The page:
John Carlson scored three power-play goals in the first round and led Washington defensemen with six points (five on the power play) and averaged 24:58 of ice time. Matt Niskanen averaged 25:32 on the ice, while Karl Alzner averaged 22:43 minutes. Top penalty-killer, Brooks Orpik, was injured in Game 3 and it’s unclear when or if he’ll make an appearance in the second round.

The Flyers weren’t much of a test for Braden Holtby only scoring six goals in the first round against him. Five were against Holtby and one was into an empty net. The Capitals’ netminder had two shutouts, 2-0 in Game 1 and 1-0 in Game 6. Holtby leads NHL goaltenders remaining in the playoffs with a 0.84 goals-against average and .968 save percentage.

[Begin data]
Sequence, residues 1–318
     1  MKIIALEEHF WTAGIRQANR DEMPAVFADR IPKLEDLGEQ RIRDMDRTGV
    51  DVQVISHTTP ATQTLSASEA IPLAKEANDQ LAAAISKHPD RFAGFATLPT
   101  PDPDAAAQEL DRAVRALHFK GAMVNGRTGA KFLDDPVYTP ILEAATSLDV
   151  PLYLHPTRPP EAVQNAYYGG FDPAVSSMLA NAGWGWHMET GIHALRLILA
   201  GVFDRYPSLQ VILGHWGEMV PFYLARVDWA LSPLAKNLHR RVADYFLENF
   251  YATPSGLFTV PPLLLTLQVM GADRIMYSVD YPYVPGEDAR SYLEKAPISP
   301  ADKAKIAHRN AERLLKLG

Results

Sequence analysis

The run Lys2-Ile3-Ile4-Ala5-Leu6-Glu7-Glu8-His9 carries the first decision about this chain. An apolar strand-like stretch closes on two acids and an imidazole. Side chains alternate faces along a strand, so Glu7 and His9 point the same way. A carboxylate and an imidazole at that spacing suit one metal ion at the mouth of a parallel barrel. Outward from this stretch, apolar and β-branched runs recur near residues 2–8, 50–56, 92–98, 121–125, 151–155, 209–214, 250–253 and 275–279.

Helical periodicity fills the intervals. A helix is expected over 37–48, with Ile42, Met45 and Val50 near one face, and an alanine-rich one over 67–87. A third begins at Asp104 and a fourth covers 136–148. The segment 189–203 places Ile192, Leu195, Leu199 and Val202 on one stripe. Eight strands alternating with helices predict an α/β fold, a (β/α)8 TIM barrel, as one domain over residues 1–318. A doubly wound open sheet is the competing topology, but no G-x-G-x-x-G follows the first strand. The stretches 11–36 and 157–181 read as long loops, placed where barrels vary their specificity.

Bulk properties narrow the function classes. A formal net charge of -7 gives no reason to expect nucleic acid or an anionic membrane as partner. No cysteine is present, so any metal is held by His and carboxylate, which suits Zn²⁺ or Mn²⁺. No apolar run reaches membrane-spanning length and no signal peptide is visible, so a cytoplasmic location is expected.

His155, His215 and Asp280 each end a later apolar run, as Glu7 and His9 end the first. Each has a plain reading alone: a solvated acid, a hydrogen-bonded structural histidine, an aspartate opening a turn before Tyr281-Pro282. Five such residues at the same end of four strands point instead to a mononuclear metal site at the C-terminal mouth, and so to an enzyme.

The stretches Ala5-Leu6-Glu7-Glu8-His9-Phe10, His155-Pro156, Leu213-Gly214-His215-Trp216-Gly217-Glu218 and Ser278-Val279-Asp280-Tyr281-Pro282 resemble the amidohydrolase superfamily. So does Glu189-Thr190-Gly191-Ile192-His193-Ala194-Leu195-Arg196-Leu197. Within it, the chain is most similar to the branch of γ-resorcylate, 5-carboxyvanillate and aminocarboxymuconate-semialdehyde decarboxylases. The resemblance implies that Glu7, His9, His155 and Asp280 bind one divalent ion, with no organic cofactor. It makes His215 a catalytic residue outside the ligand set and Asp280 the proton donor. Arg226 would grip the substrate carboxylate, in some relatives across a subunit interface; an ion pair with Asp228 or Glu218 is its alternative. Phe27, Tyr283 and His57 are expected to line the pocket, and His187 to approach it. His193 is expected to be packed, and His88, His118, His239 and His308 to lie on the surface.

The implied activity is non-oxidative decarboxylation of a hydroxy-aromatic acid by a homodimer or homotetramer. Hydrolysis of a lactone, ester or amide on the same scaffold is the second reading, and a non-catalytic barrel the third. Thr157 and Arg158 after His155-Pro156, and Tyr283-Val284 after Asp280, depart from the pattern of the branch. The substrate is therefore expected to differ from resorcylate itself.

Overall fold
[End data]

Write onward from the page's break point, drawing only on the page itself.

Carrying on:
The Washington penalty kill was a key component to their success. Out of 23 tries, the Flyers scored only once on the power play. The Capitals went 5-for-9 on the power play in a 6-1 win in Game 3 and were 8-for-27 with the man-advantage in the series.

Prediction: Penguins in 6

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Read our analysis of the Capitals and the Penguins Round 1 matchups to learn more about these teams.